Career Guide: Working with Sharks

Sharks are incredible creatures. They have roamed this earth for over 400 million years; appearing long before dinosaurs. This time frame has allowed them to evolve into the amazing predators that they are. Being able to smell a single drop of blood within one million drops of water, sums up their predatory abilities. Pretty incredible.

Due to their predatory instincts, many people fear sharks. In reality, we're much more harmful to them then they are to us. There are approximately five fatal shark attacks a year. Majority of attacks do not end in death; sharks mistake humans for seals or other prey. When they realize that a human is not their regular prey, they are prone to spit them out. The human race is harming sharks at an alarming rate. To put this into perspective; for every human a shark kills, two million sharks are killed by humans. With that being said, there are many who love and respect this creature. Some are even lucky enough to work with them every day. Here are some of the careers that allow you to work alongside these beautiful fish.

Professional cage diver

For some, cage diving with sharks seems insane. For others, they enjoy this as a career. Tourism is a massive industry. Cage diving is one of those excursions that many do want to try. Cage divers should be knowledgeable regarding sharks. Safety is number one, so they know to look for changes in behaviour.

There isn't generally any educational background required. Cage divers have a strong passion for sharks and enjoy a job that is outside the box. They will also be certified in CPR and rescue training. These positions can be found all over the world.

The salary of a cage diver varies greatly. For a tourist, cage diving can cost anywhere from, $250 to $2000 (for excursions lasting a few days). So, they aren't going hungry and they love what they do.

Shark biologists

These individuals are interested in research. There is so much to learn about sharks, and these people are actively making discoveries. Whether they're tagging sharks for tracking purposes, or examining their physiology; they're up close and personal. They tend to specialize, studying one species of shark. One experiment can take a couple years, so it's crucial to be focused on a specific topic. Some of the areas shark biologists are interested in are;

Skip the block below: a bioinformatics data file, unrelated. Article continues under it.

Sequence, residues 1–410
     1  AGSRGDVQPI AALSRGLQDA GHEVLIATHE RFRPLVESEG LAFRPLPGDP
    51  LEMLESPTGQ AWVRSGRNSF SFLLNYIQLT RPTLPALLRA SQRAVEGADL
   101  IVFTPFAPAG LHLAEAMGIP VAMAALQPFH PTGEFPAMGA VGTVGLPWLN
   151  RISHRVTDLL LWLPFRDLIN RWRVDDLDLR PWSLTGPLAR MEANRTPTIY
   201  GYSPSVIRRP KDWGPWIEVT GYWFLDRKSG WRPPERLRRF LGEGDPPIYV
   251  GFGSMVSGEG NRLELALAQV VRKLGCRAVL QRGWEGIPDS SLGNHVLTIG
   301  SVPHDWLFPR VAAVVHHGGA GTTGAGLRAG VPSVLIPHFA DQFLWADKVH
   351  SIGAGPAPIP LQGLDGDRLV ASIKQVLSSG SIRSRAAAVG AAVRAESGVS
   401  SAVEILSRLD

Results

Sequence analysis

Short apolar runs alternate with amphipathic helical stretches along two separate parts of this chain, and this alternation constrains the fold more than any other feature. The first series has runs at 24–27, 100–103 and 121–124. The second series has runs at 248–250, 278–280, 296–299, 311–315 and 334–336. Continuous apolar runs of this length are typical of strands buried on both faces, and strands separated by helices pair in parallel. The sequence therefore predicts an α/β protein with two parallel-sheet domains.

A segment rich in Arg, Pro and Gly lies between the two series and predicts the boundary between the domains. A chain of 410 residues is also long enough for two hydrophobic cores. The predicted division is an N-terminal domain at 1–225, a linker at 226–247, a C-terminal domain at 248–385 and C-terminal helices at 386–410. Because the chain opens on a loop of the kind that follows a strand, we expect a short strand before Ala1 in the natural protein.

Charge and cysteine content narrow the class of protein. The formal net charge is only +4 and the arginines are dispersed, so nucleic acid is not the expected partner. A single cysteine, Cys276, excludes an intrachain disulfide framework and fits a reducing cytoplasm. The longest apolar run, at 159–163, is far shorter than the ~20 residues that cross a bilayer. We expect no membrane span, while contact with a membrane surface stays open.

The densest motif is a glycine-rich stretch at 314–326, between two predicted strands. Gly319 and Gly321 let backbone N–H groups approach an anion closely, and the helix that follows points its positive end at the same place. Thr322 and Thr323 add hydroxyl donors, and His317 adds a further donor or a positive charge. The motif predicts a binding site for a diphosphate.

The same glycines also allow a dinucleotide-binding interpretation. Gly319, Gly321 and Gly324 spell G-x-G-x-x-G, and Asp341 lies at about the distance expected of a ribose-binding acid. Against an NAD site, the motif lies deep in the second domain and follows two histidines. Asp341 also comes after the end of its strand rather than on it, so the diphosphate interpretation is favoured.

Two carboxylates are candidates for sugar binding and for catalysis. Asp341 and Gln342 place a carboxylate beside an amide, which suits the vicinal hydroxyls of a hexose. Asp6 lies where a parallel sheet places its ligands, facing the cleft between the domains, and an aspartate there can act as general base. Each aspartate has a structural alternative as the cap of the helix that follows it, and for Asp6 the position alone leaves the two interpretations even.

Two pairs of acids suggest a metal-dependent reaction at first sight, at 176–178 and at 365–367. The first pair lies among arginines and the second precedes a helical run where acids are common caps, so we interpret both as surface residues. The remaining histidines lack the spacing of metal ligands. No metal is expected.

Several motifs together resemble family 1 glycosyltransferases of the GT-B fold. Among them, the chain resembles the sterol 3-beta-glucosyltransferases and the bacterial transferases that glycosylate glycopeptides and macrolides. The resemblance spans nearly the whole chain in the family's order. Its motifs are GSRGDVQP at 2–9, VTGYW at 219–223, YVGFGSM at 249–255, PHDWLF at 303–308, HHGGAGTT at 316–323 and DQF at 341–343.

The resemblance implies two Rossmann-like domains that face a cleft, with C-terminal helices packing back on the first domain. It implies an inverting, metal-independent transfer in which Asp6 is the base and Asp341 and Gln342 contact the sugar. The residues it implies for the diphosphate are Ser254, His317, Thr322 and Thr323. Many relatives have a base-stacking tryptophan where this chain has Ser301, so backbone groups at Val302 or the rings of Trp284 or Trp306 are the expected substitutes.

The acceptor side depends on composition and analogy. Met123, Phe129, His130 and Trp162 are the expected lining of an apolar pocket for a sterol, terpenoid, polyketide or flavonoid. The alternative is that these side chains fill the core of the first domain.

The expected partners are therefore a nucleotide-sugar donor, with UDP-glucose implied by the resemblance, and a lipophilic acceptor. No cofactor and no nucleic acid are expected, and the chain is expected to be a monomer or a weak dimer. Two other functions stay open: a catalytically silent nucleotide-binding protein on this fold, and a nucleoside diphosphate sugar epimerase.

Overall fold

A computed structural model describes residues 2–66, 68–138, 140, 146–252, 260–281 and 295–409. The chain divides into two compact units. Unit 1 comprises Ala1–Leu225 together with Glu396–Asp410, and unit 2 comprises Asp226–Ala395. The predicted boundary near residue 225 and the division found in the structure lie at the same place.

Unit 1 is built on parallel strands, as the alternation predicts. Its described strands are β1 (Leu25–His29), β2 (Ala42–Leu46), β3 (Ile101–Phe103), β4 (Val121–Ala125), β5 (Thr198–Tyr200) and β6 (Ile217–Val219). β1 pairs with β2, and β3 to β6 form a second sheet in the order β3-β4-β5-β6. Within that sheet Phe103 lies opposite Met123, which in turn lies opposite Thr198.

• Mating patterns
  • Feeding; what and how they eat
  • Migration
  • Sensitivity to light
  • Anatomy
  • How they cope with disease
  • Behaviour

In order to become a shark biologist, you need to attend a post-secondary institution. A Master's degree or PhD is preferred. If you're interested, start your Bachelor's degree in any of the following programs; marine biology, zoology, genetics, oceanography, physiology, etc. It will be during your Master's where you specialize in specific subject matter. So, if you know what you'd like to research, you can enter your Bachelor's accordingly. For example, if you want to study shark behaviour; you may want to complete a major in marine biology and a minor in psychology.

The average salary ranges from $36,000 to $93,000 (many teach as well).


Most photographers develop their career on land. For underwater photographers, they want to explore the areas that others have not touched. Since many photographers work in freelance positions, there are not many requirements. They will have an extensive background in photography; being a certified and/or experienced diver.

Underwater lighting can be tricky; underwater photographers are highly skilled. They also need to be fearless. The closer the shot, the better. Sharks will freely swim around you, allowing you to take fascinating pictures. The key is staying calm; sharks can sense your heartbeat. If your heart beat stays at a steady, slow pace, they will not view you as prey.

The average salary is around $17,000 to $60,000 (highly depends on what you produce).

So, if you love sharks and the idea of travel, beauty and knowledge. Consider a career with these amazing creatures; where everyday will be a new adventure.


National Geographic. (2013). Shark Attack Facts. National Geographic Channel. Retrieved on March 25, 2014, from

Shark Biologist. Inside Jobs. Retrieved on March 25, 2014, from

Underwater Photographer. Inside Jobs. Retrieved on March 25, 2014, from

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